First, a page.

by Paul R. Spitzzeri
On the weekend of the 29th and 30th, the Homestead is hosting its Victorian Fair festival with music, presentations, demonstrations, vendors, self-guided tours of the Workman House and La Casa Nueva, and much more. In the next week, posts will deal with Victorian-era themes and stories as we lead up to the festival. Today, we start with architecture, as embodied in Workman family houses and related buildings from the Victorian period.
By 1870, the home of William and Nicolasa Workman had been an adobe home for nearly thirty years. With so many transformations taking place in recent years, as greater Los Angeles entered its first significant boom period, the couple decided to dramatically remodel their residence.
New rooms were added at the four corners of the structure and a second floor built–all of red brick, in juxtaposition to the adobe construction used earlier. Decorative details reflecting popular architectural styles, including Gothic Revival, Italianate and Greek revival, were utilized. It has been said that the architect brought in to supervise this remaking of the structure was Ezra F. Kysor, the first trained architect to work in Los Angeles.
It is perhaps noteworthy that the makeover of the Workman House occurred almost exactly at the mid-point of the Victorian era, which spanned from 1837 to 1901. The architecture of the building what was going on throughout the region and Kysor encapsulated much of the visual changes through his architecture.
For example, at the same time he completed the redesign of the house (assuming, of course, that it was Kysor who did this work), the architect drew up plans for two of Los Angeles’ few remaining 19th century structures and, therefore, among its best-known historic buildings. These neighboring edifices were the Pico House and the Merced Theater.
Having sold off the massive Rancho ex-Mission San Fernando to raise funds for the project, former governor Pío Pico, who was a close friend and neighbor of the Workman and Temple families (his Rancho Paso de Bartolo bordered Workman’s Rancho La Puente and the Temple’s Rancho La Merced), sought to keep the historic Mexican-era Plaza viable and dynamic by erecting a fine hotel on its south end.
Meanwhile, William Abbott, whose Latina wife was named Merced, decided to build Los Angeles’ second true theater (the first was a short-lived one built by Jonathan Temple in what became the city and county courthouse, city hall and county administration building), the Merced Theater. A store was on the ground floor, the theater occupied the middle level and the Abbott residence was on the third and top floor.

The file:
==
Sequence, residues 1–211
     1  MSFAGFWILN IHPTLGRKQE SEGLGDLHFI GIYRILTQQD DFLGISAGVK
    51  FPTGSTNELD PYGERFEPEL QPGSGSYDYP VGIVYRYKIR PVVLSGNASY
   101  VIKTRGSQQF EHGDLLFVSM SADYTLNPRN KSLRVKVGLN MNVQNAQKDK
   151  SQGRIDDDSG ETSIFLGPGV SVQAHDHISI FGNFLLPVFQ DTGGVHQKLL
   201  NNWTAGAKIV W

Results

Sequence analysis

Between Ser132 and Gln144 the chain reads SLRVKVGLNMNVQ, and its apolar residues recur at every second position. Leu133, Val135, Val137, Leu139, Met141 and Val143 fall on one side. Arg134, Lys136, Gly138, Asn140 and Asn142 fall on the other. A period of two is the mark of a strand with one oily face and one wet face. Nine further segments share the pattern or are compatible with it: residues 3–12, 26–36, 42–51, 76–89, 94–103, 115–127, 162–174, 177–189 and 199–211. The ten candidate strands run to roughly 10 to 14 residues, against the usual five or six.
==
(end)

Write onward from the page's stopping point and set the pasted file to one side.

Looking at photographs of the Pico House and Merced Theater, as well as the Workman House, it is easy to see the Italianate architecture that is a hallmark of Kysor’s early work. It carried on to an 1876 design for the Boyle Heights residence of lumberyard owner William H. Perry, which was moved many years later to the Heritage Square Museum in Lincoln Heights. Kysor also designed the Church of Our Savior, an Episcopal church that still stands in San Gabriel and the Foy House, which is on the well-known Carroll Avenue in the Angelino Heights neighborhood of Los Angeles.
That same year, the nation’s bicentennial, another surviving Kysor project was completed–this being St. Vibiana’s Cathedral at Main and Second streets. The Roman Catholic cathedral reflected a major step up from the 1822 Plaza Church and it still stands, though the Our Lady of Angels Cathedral completed in 2002 replaced St. Vibiana’s, which suffered significant damage in the 1994 Northridge earthquake.
Kysor, with his partner Octavius Morgan, designed another residence associated with the Workman family. This was the Boyle Heights home of William and Nicolasa’s son Joseph, who moved his family from his 800-plus acre portion of Rancho La Puente to the relatively new and fashionable eastside neighborhood developed by his cousin, William H. Workman. In fact, Joseph and his wife Josephine Belt bought a little more than an acre from William H. so they could establish the home.
Torn down by the early years of the 20th century, the 1882 residence reflected changing architectural styles as Victorian era architecture entered into its exuberant “Queen Anne” stage. A steeply pitched roof with a central tower and shingles painted in different colors in stripes; wrought-iron fencing on the flat part of the mansard roof; prominent carved roof brackets; colored glass windows; and other details stand out.
As for Kysor, he retired not long after the Joseph and Josephine Workman house was completed and died in 1907. His firm morphed into Morgan and Walls and then Morgan, Walls and Clements, which was a well-known firm in the first decades of the 20th century.
Check back here in coming days for more Victorian Fair-inspired posts!